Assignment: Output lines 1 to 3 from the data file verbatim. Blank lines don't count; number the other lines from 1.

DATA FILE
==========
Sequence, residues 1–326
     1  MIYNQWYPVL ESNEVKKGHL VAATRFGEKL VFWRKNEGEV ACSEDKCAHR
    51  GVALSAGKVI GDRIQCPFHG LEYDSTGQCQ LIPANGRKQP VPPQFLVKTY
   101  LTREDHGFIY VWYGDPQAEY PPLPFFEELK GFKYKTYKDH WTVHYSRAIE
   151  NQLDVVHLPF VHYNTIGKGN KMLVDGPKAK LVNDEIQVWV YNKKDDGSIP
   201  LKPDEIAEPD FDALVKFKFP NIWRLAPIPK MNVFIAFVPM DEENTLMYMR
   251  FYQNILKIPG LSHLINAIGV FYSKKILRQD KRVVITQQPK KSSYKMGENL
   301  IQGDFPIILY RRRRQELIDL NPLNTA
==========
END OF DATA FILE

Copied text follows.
Sequence, residues 1–326
     1  MIYNQWYPVL ESNEVKKGHL VAATRFGEKL VFWRKNEGEV ACSEDKCAHR
    51  GVALSAGKVI GDRIQCPFHG LEYDSTGQCQ LIPANGRKQP VPPQFLVKTY